Feature – Fall of Empire

16 January 2020

For more than 40 years, the Empire Landmark in Vancouver, Canada, held the title of the city’s largest free-standing hotel. The structure, capped by the iconic Cloud 9 restaurant, defined Vancouver’s skyline. But when developers decided to revitalise the city’s West End, the Landmark’s time had come.

However, demolishing a building on one of the city’s busiest thoroughfares – without bringing local traffic to a standstill or risking people’s health and safety – would require creative engineering from the appointed contractor. Environmental and demolition specialist JMX Contracting accepted the challenge. Using robotic demolition, JMX systematically removed 44 storeys, a total of almost 40,000 sq m (430,000 sq ft) of floor space – in 21 months with no major incidents.

Brokk_JMX_1 web

The sun sets on the Empire

The Empire Landmark Hotel opened in 1973 as the Sheraton Landmark, with the revolving Cloud 9 combining fine dining with panoramic views of the city and harbour. Towering 128 m (420 ft) over Robson Street and extending three levels underground, the hotel and restaurant became a popular destination for more than 30 years until it closed in September 2017. Extensive retrofitting costs and growing demand for residential space convinced the owners to demolish the building and replace it with a pair of towers featuring luxury apartments, retail space and offices.

Monumental project

With 20 years of multi-storey demolition experience and more than 250 employees throughout Canada, JMX and its engineers prepared to tackle this monumental project. In addition to the building’s size and the massive amounts of debris demolition would create, it needed to address the high-traffic location and potential for substantial safety risks.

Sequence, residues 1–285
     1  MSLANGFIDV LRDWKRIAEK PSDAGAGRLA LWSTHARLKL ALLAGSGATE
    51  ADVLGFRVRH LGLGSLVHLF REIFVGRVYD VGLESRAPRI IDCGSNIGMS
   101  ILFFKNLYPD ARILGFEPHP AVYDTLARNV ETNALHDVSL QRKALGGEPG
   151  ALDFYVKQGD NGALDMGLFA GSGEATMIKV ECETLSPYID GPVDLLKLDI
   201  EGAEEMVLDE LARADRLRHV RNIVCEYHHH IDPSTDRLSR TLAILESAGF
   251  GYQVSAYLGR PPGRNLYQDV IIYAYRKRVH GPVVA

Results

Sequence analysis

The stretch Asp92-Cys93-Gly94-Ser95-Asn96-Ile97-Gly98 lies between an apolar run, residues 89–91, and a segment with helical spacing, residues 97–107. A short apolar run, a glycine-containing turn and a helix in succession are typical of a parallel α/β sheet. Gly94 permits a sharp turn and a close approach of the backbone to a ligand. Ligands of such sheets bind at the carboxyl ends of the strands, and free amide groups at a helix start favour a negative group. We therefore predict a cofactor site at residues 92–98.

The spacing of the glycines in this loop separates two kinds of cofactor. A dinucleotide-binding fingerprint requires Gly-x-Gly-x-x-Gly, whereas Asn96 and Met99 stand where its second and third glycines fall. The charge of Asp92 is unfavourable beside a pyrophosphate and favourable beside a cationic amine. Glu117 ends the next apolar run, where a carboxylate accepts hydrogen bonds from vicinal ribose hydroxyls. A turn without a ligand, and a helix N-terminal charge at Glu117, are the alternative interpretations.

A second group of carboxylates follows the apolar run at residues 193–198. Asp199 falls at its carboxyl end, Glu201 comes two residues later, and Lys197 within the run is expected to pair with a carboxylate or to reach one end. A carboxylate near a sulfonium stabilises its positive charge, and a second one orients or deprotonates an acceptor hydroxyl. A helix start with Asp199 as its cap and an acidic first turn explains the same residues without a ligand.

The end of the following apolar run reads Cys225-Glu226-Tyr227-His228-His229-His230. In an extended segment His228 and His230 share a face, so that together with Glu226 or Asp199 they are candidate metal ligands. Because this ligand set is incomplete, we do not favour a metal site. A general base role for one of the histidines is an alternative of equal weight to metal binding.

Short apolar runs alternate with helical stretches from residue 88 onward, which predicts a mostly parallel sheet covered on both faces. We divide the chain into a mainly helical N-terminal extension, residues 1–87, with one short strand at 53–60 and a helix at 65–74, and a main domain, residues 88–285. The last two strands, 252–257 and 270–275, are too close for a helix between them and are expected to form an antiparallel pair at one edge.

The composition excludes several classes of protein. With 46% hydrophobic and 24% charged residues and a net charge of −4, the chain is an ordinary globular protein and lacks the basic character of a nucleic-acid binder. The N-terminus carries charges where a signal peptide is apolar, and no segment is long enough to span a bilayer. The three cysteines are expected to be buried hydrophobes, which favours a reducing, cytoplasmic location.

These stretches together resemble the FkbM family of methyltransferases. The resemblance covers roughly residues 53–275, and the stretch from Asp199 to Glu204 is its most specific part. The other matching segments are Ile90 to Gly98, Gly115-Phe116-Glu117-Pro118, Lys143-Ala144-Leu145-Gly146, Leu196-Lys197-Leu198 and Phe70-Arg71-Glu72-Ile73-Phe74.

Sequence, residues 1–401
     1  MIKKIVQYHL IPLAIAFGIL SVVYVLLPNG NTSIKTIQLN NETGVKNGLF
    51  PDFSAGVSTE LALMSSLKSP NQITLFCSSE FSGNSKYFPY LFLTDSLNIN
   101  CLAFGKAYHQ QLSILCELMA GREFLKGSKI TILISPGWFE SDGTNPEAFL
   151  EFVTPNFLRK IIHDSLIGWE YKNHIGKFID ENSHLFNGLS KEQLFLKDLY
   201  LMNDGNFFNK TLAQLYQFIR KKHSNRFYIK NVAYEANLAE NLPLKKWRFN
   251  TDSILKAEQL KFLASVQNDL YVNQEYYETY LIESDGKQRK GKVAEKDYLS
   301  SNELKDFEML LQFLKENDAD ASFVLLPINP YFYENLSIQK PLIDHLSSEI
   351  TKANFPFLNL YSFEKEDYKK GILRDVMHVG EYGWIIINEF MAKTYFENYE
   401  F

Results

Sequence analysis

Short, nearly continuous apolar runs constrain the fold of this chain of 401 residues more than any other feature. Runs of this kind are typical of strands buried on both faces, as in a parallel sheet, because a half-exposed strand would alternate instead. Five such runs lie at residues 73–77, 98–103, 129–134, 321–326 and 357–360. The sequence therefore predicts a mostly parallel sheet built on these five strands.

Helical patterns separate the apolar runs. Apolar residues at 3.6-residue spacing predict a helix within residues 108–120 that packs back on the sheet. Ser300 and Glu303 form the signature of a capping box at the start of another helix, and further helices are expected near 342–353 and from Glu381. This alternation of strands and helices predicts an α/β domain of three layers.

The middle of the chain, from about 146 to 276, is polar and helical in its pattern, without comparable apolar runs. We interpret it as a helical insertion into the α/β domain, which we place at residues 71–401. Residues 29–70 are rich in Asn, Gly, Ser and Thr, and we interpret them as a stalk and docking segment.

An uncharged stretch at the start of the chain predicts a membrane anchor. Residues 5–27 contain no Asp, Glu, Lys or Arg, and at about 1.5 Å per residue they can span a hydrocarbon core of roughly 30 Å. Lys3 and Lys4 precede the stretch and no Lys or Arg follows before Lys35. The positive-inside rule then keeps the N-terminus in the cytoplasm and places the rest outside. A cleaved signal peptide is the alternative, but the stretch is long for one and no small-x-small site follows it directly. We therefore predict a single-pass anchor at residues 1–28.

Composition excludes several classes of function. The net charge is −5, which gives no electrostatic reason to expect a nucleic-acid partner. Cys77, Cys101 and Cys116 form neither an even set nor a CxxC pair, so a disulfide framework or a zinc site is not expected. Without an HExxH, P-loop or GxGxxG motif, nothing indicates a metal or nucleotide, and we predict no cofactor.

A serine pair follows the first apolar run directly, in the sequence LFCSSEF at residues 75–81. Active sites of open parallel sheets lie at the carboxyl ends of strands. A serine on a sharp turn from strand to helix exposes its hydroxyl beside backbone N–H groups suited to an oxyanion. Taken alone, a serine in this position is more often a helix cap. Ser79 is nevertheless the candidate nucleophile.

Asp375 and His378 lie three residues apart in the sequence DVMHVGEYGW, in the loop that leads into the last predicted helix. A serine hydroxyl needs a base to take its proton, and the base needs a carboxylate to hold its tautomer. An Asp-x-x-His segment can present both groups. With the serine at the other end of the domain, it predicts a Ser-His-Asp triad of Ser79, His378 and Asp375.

“The Landmark demolition presented us with an inherently complex and challenging job,” said Shane Macpherson, director of business and projects for JMX West.

“In addition to the usual risks associated with standard high-rise demolition, we were presented with the unique round restaurant structure at the top of the tower. We also had to ensure zero risk to the large volume of vehicles and people going about their daily lives more than 400 feet immediately below us.”

JMX’s primary focus was mitigating dust and noise disruption, which led the company to look to robotic demolition. Previously, JMX used this “silent demolition” method with great success, taking down a 24-storey building in Calgary using two Brokk 400D remote-controlled demolition machines with Darda CC700 concrete crushers and SB552 hammers.

“People have this idea, when they hear a building is being demolished, that it’s going to be this big explosion,” Shane said.

“Demolition is inherently loud and dusty in their minds.

“And, historically, they’re right. But with today’s technology, it doesn’t have to be. We developed a plan that virtually eliminated dust and only registered 85 dB inside the demolition zone and 70 dB outside the hoarding. That’s six dB quieter than ambient street traffic.”

Reducing noise

JMX partnered with Brokk’s Washington state-based service fleet to help determine the right equipment for the job. JMX commissioned two Brokk 400 Diesel machines with CC700 crushers and SB552 hammers to work with a Brokk 160 electric unit and a CC420 crusher that it already owned.

As well as reducing noise, the Brokk machines’ power to weight ratio addressed the building’s robust construction and floor load limits. The 6 t Brokk 400D offered hitting power on par with a 9 to 12 t excavator in a